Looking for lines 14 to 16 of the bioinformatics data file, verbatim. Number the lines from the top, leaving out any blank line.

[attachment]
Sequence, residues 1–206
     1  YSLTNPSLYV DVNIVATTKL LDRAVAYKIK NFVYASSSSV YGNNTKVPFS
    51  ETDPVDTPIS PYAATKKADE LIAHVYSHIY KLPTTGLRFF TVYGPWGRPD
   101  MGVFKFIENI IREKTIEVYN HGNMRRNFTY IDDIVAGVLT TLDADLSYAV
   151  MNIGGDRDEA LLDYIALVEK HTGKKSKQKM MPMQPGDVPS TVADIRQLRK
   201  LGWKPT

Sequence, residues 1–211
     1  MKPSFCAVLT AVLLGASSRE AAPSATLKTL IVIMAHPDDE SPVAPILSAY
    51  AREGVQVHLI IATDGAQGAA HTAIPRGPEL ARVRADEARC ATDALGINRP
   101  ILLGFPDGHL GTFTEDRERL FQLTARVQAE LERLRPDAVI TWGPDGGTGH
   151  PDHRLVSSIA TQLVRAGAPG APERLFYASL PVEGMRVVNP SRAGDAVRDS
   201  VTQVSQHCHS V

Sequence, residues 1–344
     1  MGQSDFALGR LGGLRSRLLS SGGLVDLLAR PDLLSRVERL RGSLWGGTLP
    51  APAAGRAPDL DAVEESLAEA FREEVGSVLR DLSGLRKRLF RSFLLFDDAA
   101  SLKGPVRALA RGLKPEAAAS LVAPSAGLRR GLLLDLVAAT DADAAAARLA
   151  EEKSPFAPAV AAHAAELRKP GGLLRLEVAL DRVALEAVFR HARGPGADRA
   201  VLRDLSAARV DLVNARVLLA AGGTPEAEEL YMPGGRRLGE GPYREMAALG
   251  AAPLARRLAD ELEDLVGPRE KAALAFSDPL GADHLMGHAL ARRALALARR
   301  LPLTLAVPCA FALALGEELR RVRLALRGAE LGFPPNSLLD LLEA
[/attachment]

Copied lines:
     1  MGQSDFALGR LGGLRSRLLS SGGLVDLLAR PDLLSRVERL RGSLWGGTLP
    51  APAAGRAPDL DAVEESLAEA FREEVGSVLR DLSGLRKRLF RSFLLFDDAA
   101  SLKGPVRALA RGLKPEAAAS LVAPSAGLRR GLLLDLVAAT DADAAAARLA